We always expect the instantaneous conversion. We expect the teaching Jesus to be so powerful that people instantly change and never look back. That is not always the case. A lot of times an inner struggle must take place, idols must be torn down, false hopes, destroyed. any idea that you can save yourself must be called out and cleansed. This can take months and years or even a lifetime for someone. This guy needed to stew for awhile; needed to be honest with himself; needed to despair of his own ability to make himself right with God.

Obviously, if we are going to inherit eternal life we will not be able to do the things to earn it for ourselves. Something more, something other than ourselves is needed. Well, Something more is given in Jesus Christ. He became our neighbor in his Son Jesus. We were that man on the side of the road, broken, bloody, beaten and dead in our sin. Jesus had compassion. Pouring his forgiveness on our wounds. He brought us to the inn, that is his church, were he continually provides for our care through word and sacrament. If ever there were a good neighbor, it was Jesus, who laid down his own life to save us. He is the something more that is needed. We cannot save ourselves. We cannot justify ourselves. Jesus justifies us. He cancels the sin of our lives by his death on the cross for us. We are declared just and righteous in the sight of God because our sins have been taken away to the cross. Jesus would say, “Whoever believes and is baptized shall be saved.” Our failure to love is forgiven.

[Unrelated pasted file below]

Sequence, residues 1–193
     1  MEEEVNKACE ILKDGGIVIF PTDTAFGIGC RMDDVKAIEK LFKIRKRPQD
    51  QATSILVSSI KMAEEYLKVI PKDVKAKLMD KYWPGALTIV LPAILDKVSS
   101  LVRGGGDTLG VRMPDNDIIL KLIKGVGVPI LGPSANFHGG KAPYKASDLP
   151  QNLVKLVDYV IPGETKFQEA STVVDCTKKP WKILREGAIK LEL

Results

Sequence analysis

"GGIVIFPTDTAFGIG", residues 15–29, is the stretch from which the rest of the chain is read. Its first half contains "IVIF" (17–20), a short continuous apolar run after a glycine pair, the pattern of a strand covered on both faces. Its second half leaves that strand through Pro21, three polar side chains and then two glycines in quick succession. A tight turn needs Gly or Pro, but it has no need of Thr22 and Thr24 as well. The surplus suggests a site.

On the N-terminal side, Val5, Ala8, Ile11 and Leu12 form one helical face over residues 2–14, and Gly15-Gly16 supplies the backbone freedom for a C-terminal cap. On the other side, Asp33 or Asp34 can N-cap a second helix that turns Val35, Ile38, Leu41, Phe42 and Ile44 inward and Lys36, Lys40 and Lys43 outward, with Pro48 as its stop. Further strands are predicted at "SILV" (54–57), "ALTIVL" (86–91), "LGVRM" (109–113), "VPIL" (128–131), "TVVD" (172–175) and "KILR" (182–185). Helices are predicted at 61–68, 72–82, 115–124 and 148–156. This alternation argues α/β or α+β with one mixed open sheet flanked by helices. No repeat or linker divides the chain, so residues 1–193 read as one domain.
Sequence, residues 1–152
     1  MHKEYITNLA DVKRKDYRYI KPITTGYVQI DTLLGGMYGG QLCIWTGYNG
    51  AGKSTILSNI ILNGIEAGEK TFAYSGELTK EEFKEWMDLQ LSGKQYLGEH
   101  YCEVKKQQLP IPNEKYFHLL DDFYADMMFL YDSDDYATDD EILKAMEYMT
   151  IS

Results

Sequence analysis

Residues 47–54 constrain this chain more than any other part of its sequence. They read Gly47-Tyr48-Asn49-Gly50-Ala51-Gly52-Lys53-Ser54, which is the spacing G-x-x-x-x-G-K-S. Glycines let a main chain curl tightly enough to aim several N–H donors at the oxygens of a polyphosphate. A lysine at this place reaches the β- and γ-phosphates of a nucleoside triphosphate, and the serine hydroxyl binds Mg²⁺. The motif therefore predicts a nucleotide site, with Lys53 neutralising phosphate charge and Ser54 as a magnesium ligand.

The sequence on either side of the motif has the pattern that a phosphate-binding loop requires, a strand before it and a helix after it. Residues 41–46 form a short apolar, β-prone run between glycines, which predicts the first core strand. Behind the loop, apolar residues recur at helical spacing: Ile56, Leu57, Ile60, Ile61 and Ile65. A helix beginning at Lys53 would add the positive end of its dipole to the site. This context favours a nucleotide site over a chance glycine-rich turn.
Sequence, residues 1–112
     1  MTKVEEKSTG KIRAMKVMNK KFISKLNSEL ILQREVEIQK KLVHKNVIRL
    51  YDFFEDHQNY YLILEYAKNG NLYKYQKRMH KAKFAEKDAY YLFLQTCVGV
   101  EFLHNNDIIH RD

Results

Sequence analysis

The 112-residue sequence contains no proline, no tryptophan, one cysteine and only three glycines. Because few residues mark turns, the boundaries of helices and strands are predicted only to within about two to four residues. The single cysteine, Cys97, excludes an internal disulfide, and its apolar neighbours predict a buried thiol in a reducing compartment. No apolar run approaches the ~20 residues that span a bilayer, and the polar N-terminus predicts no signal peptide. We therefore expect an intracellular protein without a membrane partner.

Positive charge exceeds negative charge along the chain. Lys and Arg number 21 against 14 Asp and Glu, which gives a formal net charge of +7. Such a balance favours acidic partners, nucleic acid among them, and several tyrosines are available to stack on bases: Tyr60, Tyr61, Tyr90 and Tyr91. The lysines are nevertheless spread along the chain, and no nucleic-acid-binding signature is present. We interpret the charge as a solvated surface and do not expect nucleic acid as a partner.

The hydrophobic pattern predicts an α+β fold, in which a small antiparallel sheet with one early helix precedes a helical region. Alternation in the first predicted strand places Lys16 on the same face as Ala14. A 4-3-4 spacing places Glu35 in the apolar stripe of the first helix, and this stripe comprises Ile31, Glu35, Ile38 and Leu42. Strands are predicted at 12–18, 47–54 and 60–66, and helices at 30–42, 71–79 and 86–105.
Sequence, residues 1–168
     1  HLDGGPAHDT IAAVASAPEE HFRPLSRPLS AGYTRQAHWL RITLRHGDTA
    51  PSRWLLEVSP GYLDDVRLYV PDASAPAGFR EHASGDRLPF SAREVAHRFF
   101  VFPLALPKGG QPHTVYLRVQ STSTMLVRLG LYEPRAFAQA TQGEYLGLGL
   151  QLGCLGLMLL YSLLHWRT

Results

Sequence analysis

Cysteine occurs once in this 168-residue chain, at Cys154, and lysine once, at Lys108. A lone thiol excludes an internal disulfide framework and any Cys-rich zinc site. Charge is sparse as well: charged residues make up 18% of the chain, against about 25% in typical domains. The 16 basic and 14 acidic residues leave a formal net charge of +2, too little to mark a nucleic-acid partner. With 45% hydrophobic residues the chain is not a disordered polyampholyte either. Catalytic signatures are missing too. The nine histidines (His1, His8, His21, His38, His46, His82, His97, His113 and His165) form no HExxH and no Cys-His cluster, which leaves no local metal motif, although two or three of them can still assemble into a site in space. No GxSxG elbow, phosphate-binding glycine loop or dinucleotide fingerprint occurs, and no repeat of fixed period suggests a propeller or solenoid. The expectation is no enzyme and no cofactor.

Who is your neighbor” Anyone who needs you, anyone the Lord has put in your path to serve. What must you do to inherit eternal life? Nothing. It’s an inheritance. Looking at from this side, makes the man’s question sound kind of silly. You inherit by being born into the family and remaining in the good graces of the one who is passing out the goods. You were born into the family of God by your baptism. You are in the Father’s good graces, not by what you have done, but by what his beloved son has done for you and you now receive by faith.

Does that mean that we forget the law completely? Of course not. The Law still has an important place. Since our sins are covered by Jesus, the law no longer convicts or crushes us with guilt, instead it instructs us on how to be neighbors. A person who knows he is saved by grace through faith doesn’t see the wounded man on the side of the road as an opportunity to achieve righteousness before God. We don’t love God and man out of some tortured and twisted attempt at justifying ourselves. We already are justified, in Christ. The wounded man on the side of the road is an opportunity to do what God has done for us: to show mercy. And there’s a part of us, a growing part of us in Christ that actually wants to show mercy. We want to help; we want to love; we want to change. That’s because we we gave been loved. AMEN